Judge fruit with care, and toss it once it’s past the date on the package … Sunday, June 16

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Are you keeping rotten fruit? WHY?!

Luke 7:36-50

       A Pharisee invited Jesus to dine with him, and he entered the Pharisee’s house and reclined at table. Now there was a sinful woman in the city who learned that he was at table in the house of the Pharisee. Bringing an alabaster flask of ointment, she stood behind him at his feet weeping and began to bathe his feet with her tears. Then she wiped them with her hair, kissed them, and anointed them with the ointment. When the Pharisee who had invited him saw this he said to himself, “If this man were a prophet, he would know who and what sort of woman this is who is touching him, that she is a sinner.” Jesus said to him in reply, “Simon, I have something to say to you.” “Tell me, teacher, ” he said. “Two people were in debt to a certain creditor; one owed five hundred day’s wages and the other owed fifty. Since they were unable to repay the debt, he forgave it for both. Which of them will love him more?” Simon said in reply, “The one, I suppose, whose larger debt was forgiven.” He said to him, “You have judged rightly.”
      Then he turned to the woman and said to Simon, “Do you see this woman? When I entered your house, you did not give me water for my feet, but she has bathed them with her tears and wiped them with her hair. You did not give me a kiss, but she has not ceased kissing my feet since the time I entered. You did not anoint my head with oil, but she anointed my feet with ointment. So I tell you, her many sins have been forgiven because she has shown great love. But the one to whom little is forgiven, loves little.” He said to her, “Your sins are forgiven.” The others at table said to themselves, “Who is this who even forgives sins?” But he said to the woman, “Your faith has saved you; go in peace.”
      I can understand the reaction of the Pharisee. Sadly, I think most people, happily not all people, tend to have similar reactions. Of course Jesus said that by their fruits we would know “them”. In this instance to look at this woman’s past would be to see some pretty rotten fruit. But that view would miss the real point, which point is here and now. In the here and now the fruit is penance, heartfelt and with tears. In seeing rotten fruit, and being judgmental is a fruit of the most putrid kind, I suppose we all need to be on guard lest WE become one of “them”.
      Jesus, seeing beyond what we might think of as obvious, saw the heart and forgave her sins. And here was yet another thorn in the side of the self-righteous. Can a MAN forgive sins? Only God can forgive sin! This backwards way of looking at the subject is still considered an unassailable truth by some. When a priest forgives sin they say the same thing the Pharisee said. They forget that Jesus, being God, can share His authority with others and did. And does. “Whose sins you shall forgive, they are forgiven them; and whose sins you shall retain, they are retained” John 20:23. When the priest, that MAN with the collar, forgives sins? It’s only because God has given him the power and authority to do so. Which means it’s God doing the forgiving THROUGH him, using him as an instrument of His Love.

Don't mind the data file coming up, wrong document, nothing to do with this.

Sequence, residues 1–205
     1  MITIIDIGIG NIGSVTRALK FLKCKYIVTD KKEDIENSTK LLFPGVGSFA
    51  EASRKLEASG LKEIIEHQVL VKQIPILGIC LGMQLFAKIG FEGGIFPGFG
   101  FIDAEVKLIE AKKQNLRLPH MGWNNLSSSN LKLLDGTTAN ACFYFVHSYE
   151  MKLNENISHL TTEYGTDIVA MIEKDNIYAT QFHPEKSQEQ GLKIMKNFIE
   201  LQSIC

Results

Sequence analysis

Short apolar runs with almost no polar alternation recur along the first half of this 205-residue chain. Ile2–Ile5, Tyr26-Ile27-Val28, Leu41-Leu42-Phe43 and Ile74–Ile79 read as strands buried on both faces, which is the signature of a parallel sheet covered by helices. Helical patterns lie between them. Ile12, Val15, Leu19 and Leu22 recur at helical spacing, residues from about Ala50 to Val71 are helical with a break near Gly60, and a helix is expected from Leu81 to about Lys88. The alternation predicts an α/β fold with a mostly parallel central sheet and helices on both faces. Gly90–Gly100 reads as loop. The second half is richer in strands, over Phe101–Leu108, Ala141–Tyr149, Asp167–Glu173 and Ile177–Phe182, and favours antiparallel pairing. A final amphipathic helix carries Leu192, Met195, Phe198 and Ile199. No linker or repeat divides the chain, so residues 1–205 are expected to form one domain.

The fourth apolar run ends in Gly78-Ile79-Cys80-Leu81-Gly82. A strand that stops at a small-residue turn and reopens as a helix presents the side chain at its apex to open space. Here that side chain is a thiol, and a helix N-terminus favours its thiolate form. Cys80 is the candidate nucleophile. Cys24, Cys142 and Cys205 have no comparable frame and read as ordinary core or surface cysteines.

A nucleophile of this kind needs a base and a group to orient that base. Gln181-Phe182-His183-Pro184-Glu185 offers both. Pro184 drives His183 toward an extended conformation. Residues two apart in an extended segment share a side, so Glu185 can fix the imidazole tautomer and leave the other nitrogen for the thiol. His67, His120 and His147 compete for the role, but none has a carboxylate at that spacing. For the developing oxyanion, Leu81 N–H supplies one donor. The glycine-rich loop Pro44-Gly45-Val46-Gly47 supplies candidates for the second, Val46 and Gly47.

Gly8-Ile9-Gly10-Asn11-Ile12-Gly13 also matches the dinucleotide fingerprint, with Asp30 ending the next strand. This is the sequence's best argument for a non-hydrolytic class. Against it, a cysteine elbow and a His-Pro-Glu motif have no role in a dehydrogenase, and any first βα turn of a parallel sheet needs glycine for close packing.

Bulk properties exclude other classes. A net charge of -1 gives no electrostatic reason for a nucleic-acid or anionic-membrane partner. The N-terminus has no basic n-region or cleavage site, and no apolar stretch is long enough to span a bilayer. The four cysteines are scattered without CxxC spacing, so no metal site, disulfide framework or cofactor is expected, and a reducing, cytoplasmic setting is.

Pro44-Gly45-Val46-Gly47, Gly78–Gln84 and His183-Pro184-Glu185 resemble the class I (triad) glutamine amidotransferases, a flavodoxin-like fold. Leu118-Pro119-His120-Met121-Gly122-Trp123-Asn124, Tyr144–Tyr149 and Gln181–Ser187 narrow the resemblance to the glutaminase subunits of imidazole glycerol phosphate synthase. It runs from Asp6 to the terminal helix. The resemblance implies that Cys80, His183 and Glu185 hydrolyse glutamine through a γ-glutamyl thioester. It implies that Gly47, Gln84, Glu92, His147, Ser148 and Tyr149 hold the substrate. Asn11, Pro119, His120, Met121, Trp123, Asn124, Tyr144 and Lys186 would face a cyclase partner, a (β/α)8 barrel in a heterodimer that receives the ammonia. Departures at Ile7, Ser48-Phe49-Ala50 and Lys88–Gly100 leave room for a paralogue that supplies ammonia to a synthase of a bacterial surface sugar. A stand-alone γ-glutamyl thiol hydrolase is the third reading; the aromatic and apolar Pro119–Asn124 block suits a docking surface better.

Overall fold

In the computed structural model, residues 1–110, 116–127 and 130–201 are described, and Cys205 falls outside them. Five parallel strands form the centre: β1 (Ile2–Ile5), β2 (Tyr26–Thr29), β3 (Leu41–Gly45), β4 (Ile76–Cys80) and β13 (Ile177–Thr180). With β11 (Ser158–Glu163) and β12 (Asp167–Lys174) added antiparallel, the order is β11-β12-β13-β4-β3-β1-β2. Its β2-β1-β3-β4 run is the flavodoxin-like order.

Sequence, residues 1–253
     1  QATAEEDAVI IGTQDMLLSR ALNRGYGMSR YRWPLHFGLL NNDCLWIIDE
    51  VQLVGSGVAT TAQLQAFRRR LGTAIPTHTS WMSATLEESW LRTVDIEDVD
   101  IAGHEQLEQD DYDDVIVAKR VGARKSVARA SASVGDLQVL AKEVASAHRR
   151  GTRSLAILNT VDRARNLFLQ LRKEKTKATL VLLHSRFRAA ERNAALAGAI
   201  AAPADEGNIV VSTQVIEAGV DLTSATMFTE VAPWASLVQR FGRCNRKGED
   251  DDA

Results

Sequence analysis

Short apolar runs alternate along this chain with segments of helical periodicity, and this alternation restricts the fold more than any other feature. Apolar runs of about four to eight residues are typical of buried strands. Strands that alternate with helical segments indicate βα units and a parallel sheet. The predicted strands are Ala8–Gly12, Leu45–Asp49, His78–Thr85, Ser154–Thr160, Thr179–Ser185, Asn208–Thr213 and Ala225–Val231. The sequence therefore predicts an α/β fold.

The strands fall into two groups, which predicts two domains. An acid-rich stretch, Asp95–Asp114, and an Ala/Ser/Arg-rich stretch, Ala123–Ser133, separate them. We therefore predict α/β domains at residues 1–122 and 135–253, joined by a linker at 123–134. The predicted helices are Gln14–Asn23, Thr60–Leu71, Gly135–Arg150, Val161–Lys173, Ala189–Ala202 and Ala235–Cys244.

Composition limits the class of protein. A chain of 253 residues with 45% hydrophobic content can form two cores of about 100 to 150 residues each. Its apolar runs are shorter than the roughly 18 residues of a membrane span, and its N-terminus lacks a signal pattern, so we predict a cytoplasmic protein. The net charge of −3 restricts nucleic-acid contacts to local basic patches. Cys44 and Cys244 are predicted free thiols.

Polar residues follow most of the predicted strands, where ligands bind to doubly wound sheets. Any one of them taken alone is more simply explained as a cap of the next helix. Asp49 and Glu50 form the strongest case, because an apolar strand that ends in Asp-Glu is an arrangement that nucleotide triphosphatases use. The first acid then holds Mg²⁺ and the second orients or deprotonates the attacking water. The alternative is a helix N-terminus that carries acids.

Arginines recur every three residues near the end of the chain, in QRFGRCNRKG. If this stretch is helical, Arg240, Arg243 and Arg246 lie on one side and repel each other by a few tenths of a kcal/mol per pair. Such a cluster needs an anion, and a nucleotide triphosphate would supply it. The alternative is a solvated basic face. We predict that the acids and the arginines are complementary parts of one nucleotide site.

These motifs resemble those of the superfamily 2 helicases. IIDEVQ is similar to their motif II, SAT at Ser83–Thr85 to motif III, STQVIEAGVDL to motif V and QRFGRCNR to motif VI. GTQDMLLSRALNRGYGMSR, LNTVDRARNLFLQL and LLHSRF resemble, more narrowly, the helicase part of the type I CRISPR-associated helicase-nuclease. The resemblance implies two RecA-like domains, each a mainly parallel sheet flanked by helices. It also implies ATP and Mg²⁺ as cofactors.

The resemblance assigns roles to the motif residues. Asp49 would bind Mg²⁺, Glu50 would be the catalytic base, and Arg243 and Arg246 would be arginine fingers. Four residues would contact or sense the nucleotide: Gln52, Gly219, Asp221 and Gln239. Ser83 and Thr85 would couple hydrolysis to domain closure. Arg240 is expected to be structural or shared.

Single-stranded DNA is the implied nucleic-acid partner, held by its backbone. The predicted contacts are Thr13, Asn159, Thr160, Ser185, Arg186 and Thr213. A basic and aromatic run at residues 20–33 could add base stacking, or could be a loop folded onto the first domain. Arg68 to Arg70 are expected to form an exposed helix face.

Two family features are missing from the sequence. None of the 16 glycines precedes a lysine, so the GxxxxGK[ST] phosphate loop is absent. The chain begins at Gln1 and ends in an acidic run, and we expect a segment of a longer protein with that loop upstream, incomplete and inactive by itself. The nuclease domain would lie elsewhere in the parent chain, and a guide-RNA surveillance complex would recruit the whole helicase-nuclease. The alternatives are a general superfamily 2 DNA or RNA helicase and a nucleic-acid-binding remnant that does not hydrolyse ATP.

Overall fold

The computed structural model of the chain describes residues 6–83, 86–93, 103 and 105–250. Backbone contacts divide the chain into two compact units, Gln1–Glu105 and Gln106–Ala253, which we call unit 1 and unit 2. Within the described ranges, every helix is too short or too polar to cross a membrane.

So we have three people here, don’t we? The judgmental, the penitent, the one who forgives. It occurs to me that there is one other person that should be here and isn’t, and that’s sad. Sometimes judgmental folks see themselves for what they are, sinners, and become, like the woman here, penitents. Sometimes sinful people, again like the lady here, see themselves and repent. But these people who make that Godly turn around in their lives? Sometimes they become yet another class of people. The ones that, having honestly repented, look back over their lives and beat themselves up over it. Not that they doubt God’s forgiveness, they don’t. And it’s not necessarily that they don’t forgive themselves, although that may of course be the case. It’s just that they can’t get past the memories and the regret. And this is a sad way to live because it takes us out of the now, which time ought to be spent praising God for His goodness and working for Him in His will. Looking back can trip us up as we move forward. Looking back can make us miss our apostolate of the “now”. And all of our debt that has been forgiven, regardless the size of it, the memory of it becomes as heavy as the original debt.
      We can judge fruit. We can judge our own fruit. But you know, when it goes past the expiration date, aka honest repentance and true forgiveness, its OK to toss it into the trash. Don’t believe me? Try carrying a banana around with you, in your pocket, for six months.
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Published in: on June 16, 2013 at 5:05 am  Comments Off on Judge fruit with care, and toss it once it’s past the date on the package … Sunday, June 16  
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